I once had an argument with Marvin Bell in his office, when I was at Iowa in the early Seventies. Dorn was another of those forbidden names I pulled from my personal pantheon to offer as example for my own efforts to find voice and identity as a writer. Marvin said, blandly and with condescension, "Dorn writes prose, it's just prose broken into false lines, don't you see?" I was not able to understand this view of his work then, and I don't see it now. It seemed a misreading, a dully unperceptive take.

It would be hard to imagine a more stately and measured line than "Quietly and while at rest on the trim grass I have gazed". It's like something out of  Wyatt, or Campion, filled with air and angels, as they say. Is such affected phraseology over the top? "I am going off to heaven and I won't see you anymore. I am/going back into the country and I won't be here anymore. I am/going to die in 1937." Dorn imagines himself into the dying generations of settlers, rather like Marshall Dillon walking disconsolately up on Boot Hill, ruminating on the vicissitudes of law and order, fate and death, on the wild frontier.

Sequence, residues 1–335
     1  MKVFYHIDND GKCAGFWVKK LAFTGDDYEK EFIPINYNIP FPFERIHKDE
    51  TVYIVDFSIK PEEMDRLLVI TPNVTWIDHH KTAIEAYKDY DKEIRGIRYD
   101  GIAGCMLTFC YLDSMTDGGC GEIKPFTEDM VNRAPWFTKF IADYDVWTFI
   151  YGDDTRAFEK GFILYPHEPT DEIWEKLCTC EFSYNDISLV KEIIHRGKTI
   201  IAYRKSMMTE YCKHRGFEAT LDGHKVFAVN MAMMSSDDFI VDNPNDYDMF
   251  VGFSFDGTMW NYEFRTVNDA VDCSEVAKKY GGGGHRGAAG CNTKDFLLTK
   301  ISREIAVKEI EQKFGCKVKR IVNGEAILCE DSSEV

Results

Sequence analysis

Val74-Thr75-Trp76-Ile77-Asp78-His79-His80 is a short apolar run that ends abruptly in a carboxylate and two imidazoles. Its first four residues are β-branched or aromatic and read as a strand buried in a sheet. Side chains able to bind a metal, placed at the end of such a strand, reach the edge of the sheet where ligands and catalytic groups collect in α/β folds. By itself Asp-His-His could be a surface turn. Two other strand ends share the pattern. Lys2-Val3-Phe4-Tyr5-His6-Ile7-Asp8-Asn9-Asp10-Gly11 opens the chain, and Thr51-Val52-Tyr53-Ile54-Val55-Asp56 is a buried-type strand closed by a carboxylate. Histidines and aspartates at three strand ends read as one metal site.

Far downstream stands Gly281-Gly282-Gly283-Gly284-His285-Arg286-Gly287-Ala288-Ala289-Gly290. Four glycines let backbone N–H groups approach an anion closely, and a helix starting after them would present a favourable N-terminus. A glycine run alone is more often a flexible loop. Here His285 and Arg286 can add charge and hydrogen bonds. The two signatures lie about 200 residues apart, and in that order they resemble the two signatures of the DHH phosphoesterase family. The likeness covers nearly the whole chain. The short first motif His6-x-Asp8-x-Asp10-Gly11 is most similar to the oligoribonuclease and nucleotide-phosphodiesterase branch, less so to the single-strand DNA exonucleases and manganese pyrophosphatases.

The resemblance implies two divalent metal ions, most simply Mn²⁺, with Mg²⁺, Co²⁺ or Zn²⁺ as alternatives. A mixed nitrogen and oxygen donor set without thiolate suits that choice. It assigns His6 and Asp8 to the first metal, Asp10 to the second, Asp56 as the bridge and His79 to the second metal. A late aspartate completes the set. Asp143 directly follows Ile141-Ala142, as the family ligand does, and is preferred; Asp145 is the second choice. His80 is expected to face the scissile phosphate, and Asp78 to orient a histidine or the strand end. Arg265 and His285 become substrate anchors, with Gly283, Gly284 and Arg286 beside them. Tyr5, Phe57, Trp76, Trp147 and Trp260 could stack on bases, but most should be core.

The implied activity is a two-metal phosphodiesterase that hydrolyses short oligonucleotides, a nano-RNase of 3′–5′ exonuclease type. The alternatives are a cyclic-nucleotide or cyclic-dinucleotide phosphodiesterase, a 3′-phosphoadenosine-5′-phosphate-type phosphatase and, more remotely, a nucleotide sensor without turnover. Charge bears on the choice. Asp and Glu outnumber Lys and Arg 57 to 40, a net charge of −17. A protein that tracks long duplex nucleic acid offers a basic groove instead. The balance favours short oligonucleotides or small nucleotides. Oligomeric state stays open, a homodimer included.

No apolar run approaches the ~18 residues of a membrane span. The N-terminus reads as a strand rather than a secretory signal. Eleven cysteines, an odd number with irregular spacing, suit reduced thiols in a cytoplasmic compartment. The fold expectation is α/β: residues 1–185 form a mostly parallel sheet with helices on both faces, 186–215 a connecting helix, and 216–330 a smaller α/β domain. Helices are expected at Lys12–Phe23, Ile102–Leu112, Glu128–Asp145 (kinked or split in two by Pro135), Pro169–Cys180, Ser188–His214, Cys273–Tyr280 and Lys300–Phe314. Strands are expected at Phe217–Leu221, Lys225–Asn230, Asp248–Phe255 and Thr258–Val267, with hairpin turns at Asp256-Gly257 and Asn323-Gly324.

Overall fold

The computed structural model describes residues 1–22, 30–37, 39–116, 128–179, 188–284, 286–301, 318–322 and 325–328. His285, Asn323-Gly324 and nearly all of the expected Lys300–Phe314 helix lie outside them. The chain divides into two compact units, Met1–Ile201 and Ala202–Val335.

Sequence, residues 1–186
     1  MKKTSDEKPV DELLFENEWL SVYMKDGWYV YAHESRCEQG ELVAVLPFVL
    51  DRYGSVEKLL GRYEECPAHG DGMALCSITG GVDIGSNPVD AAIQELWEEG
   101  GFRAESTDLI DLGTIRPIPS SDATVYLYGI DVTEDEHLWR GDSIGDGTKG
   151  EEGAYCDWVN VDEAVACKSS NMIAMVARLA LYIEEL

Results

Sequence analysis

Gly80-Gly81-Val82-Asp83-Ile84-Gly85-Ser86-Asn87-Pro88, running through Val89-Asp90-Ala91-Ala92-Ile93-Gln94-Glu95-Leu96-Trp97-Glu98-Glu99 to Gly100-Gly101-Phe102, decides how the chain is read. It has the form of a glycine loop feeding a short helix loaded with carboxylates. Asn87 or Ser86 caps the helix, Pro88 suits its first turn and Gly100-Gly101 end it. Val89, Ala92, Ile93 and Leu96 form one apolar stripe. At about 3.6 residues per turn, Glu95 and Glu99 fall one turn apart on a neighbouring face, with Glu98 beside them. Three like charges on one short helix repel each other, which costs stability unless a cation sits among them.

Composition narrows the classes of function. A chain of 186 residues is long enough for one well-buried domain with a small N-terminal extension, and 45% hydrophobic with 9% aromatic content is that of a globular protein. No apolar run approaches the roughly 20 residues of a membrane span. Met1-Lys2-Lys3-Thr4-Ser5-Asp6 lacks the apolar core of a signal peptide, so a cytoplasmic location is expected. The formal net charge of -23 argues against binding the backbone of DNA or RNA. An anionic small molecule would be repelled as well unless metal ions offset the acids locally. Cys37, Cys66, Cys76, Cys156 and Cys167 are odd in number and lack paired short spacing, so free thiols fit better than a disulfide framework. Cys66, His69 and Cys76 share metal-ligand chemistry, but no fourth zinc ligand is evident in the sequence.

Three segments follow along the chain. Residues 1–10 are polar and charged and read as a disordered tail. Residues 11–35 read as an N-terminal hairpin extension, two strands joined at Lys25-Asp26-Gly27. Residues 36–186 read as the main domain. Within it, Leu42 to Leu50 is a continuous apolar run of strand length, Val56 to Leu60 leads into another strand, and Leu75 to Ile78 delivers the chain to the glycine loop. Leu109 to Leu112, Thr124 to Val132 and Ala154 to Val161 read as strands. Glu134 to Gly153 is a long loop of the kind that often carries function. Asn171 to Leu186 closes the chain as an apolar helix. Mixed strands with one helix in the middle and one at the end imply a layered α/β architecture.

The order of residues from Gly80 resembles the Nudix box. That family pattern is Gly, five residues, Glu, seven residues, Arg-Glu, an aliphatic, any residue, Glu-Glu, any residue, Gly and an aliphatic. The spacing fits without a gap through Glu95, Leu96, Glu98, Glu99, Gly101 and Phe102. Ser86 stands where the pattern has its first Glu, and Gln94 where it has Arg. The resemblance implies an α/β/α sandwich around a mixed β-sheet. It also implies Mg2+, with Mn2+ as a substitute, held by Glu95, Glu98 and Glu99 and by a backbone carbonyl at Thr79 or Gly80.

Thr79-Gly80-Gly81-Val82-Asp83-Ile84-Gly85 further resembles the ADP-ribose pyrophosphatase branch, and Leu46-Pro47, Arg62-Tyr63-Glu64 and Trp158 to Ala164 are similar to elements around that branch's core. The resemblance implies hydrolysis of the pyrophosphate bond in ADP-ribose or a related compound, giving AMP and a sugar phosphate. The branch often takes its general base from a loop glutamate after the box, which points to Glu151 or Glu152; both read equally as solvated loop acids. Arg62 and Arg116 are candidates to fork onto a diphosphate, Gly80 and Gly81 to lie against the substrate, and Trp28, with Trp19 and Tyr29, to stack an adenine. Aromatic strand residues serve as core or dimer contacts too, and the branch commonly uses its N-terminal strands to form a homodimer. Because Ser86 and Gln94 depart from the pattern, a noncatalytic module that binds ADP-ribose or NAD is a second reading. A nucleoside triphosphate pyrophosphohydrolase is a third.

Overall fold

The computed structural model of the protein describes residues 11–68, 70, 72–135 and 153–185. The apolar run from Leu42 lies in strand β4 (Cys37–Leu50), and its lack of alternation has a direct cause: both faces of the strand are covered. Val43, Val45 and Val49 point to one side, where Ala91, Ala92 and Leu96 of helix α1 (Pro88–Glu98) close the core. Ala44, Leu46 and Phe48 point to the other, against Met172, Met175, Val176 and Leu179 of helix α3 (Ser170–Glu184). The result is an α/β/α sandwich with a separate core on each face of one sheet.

For the first third of his life, Dorn lived poor. His early collection of stories By the Sound, was an important update, for me, of the intinerant labor culture of the 1930's, which I'd read about in The Grapes of Wrath. Dorn's sympathies in those days were all for the downtrodden, but inside he was an impressively sophisticated, elegant and prideful man. Drawing upon the pop Western and early Modernist hero traditions, he embarked upon an ambitious camp narrative poem in the 1960's, Gunslinger, which gradually, after much fanfare at the outset, petered out in a series of half-hearted tangents. Does Gunslinger, with its over-arching rhetorical flourishes and hip burlesque tone, undercut or subtract from Dorn's early straight lyricism? That's very much, I think, what people tended to think, as Dorn morphed, in the late 1960's, into the eccentric contrarian of his middle- and late age, scornful and contemptuous of post-Modern cultural paradigms. 

But an author may undergo successive transformations of character during a lifetime. Literary history is full of examples: John Dos Passos, or John Steinbeck, two serious novelists who began as sympathetic populists, and ended as cantankerous old reactionaries. Over a lifetime of dispute and critical haggling, fatigue and frustration often set in. "The Air of June Sings" strikes my ear as pure and unadulterated, the young parent walking with his children (much as in the other poem "The Rick of Green Wood"), inspired to meditate in an antique mode, like a wreathe of spirit-mist among the lichen-encrusted gravestones, "lead me away/to the small quiet stones of the unpreposterous dead and leave/me my tears for Darling we love thee," (addressed to whom?). 

It's a poem every bit as formal and serious, in its way, as Tate's "Ode to the Confederate Dead" though forsworn against such stricken pieties, defeated and discouraged. 


Kirby Olson said...